Prof. Umar Garba Danbatta, Executive Vice-Chairman and CEO of NCC

Digital technologies and regulator’s commitment to child online safety in Nigeria

*The Nigerian Communications Commission, in a recent survey report on young children and digital technologies, critically analyses an approach to alleviate the desire to avoid risks, necessity to access beneficial materials, and balance the immense benefits of digital technologies with children’s protection in cyberspace

Gbenga Kayode | ConsumerConnect

In continuation of its consumer education, sensitisation initiatives and essential regulatory actions, especially in regard to young consumers’ safety in cyberspace, the Nigerian Communications Commission (NCC) has researched and published a fresh 164-page report.

ConsumerConnect reports the telecoms regulatory Commission in the country released the final report entitled, “Study On Young Children And Digital Technology: A Survey Across Nigeria” Friday, September 24, 2021, via its corporate Web site.

Children surfing the Internet

The NCC stated study is designed to examine the current issues of young people and digital technologies in consonance with the Child Online Protection Policy of the International Telecommunication Union (ITU).

Rationale for the survey

In the regulator’s description of the motivation for embarking on the timely study, the Commission noted that digital technologies bring speed in communication, education, shopping, entertainment, news, games, fun and much more to everyone, including children.

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It also explained that technologies provide children immediate access to huge tonnes of beneficial materials, and offers them a participatory pathway to involvement in the larger society.

However, the NCC said the proliferation of digital technologies, especially the Internet, fondly described as the Information Superhighway, are also constituting “a vector for cybercriminals to dispense harm, annoyance and other wrongdoings.”

The telecoms regulator noted: “Nowadays, children go online more often, for longer periods, at younger ages with diverse devices and for different purposes.

“The ways in which the Nigerian child seeks out information, socialises, plays and learns have been altered by the rise and use of new technologies.”

Research methodology

The Commission stated that the nationwide study is designed to provide an accurate depiction of how children consume digital technologies in the country.

Accordingly, the NCC research team adopted the respondent pool that was structured in favour of the Nigerian children of 4-16 years of age.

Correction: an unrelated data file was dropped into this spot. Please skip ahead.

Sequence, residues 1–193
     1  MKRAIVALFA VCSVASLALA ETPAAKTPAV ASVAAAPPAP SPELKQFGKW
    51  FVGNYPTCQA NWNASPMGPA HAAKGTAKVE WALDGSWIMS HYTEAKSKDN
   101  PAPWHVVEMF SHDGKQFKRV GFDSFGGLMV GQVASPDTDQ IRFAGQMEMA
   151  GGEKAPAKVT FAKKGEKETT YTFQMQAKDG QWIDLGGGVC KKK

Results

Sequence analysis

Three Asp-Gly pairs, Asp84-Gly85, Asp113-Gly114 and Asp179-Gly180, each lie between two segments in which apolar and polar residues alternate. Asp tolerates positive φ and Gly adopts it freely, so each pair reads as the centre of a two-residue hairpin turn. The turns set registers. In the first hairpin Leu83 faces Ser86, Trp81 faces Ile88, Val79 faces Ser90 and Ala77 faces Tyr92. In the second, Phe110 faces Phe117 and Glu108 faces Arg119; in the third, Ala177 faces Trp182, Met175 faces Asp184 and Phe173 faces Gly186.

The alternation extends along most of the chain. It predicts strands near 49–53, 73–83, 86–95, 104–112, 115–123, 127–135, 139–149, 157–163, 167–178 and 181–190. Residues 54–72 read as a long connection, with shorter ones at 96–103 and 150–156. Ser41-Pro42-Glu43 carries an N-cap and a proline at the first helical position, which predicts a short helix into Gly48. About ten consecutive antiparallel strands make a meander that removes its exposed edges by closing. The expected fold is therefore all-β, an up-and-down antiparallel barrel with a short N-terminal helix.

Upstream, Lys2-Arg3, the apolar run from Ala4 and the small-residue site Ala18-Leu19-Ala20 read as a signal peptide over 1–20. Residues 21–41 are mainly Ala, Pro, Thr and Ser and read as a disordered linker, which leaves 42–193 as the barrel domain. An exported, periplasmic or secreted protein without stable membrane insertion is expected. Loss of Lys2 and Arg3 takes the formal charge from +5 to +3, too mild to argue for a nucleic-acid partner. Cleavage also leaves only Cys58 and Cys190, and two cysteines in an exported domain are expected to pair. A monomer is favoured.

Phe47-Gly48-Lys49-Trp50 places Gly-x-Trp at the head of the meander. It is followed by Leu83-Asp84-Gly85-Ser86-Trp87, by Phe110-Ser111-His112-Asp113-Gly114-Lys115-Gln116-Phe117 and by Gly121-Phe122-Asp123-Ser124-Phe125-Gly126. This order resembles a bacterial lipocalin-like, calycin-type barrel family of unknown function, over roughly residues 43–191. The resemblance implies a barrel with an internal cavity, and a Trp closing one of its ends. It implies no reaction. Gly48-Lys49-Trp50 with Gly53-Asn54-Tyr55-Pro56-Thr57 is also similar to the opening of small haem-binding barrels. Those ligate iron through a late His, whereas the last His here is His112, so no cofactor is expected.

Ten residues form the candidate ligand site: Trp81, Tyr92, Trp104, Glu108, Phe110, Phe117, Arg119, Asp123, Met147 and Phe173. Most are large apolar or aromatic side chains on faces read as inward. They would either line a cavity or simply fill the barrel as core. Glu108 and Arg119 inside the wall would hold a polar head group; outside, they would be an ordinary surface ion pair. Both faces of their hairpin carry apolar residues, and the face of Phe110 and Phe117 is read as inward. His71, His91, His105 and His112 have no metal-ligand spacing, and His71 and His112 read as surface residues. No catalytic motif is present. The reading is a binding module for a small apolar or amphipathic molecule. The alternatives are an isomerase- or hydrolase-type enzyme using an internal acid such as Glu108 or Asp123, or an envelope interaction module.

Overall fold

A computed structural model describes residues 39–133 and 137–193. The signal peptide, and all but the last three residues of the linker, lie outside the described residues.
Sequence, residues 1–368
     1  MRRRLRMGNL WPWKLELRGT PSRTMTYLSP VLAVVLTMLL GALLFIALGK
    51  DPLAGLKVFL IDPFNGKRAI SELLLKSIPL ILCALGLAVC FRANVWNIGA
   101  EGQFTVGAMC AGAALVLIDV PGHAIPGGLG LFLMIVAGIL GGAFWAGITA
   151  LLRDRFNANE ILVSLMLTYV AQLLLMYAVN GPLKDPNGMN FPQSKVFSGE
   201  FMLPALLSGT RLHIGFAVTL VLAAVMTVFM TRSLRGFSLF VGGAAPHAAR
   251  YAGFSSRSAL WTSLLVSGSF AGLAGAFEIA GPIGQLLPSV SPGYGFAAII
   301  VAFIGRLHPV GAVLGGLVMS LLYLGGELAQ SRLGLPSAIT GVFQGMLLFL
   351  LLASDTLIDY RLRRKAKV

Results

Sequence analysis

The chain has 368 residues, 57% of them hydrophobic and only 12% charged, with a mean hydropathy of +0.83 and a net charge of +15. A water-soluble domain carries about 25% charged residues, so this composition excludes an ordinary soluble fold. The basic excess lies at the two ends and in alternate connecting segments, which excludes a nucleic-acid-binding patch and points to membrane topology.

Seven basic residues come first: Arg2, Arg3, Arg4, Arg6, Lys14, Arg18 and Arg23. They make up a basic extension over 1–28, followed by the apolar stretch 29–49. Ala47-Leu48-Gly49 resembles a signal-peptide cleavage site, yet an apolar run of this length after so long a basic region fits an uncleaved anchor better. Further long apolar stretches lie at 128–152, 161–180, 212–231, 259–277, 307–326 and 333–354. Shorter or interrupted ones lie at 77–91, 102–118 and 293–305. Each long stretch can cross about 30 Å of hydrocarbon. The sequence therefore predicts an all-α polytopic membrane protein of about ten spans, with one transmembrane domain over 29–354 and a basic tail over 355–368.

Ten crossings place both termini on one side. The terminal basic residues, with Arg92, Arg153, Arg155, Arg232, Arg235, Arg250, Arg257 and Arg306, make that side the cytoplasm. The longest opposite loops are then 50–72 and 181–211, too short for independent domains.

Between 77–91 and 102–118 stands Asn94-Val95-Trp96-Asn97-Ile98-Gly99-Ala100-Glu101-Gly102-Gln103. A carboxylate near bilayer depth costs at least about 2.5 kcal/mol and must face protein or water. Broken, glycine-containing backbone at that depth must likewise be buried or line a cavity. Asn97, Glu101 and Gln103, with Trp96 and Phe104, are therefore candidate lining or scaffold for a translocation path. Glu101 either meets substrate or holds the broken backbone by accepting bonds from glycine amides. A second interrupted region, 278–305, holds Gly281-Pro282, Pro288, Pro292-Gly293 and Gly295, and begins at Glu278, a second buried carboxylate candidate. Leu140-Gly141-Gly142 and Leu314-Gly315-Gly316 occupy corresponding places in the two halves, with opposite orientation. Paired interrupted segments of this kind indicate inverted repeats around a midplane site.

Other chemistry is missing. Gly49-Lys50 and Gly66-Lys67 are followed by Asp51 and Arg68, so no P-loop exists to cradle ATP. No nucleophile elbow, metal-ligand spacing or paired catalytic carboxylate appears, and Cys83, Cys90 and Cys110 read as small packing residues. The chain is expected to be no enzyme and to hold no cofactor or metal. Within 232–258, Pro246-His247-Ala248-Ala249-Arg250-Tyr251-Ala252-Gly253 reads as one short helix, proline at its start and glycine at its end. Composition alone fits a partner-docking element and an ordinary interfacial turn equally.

The study explored the children’s device ownership, usage and benefits in pari passu with their awareness of the risks and challenges.

In terms of research methodology, the survey takes a child-centric approach, relying on the children’s voices and views to identify and analyse the challenges they encounter with digital technologies in the country.

According to NCC, the focus is to establish what children actually do online as opposed to what adults think they do.

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It said this includes understanding children’s definitions of digital technology, digital use, online contacts and risky or unsafe behaviour.

In the survey, the report noted the researchers employed stratified multi-stage sampling as the research design chosen for the study.

The telecoms regulator also wrote that the survey population was delineated into four strata with each stratum segmented into four clusters.

This ensured that the survey selected samples in such a way that the target sub-groups were represented in the sample in the same proportion that they exist in the population, said the report.

The NCC further still, noted the survey sourced secondary data through extensive desk review of literature, focusing on tapping into the knowledge, experience and expertise of several organisations and individuals from across the world that are specialists in the field of child online protection.

The experts comprehensively scrutinised relevant extant pertinent laws, acts, charters, policies and guidelines in order to identify gaps and ascertain adequacy of the research problem in the study.

Of digital technologies and related risks in cyberspace

The NCC report indicates the proliferation of digital technologies is also accompanied by an increasing concern about children’s exposure to associated risks and threats on the Net.

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The Commission explained that exposure to risks turns out to be a general side effect of today’s children growing up in a digital world.

“This calls for a pragmatic approach to mitigate the desire to avoid risks and the necessity to access beneficial materials and to balance the immense benefits of digital technology with the safety of the children.

“However, the risks and opportunities of digital technologies are not the same for all children,” the NCC said.

The telecoms regulator in the report further stated that large gaps still exist in access, skills and use, which can affect both online and offline outcomes for children.

The study findings generally, found that children who are vulnerable offline tend to be disadvantaged in online spaces as well.

The survey, according to NCC, yielded results in the following broad lines to include a) articulation of the level of availability and penetration of technological devices to children (4-16 years of age) b) identification and analysis of challenges encountered by the children; and, c) recommendation of regulatory actions to be taken to shore up online protection for the Nigerian child.

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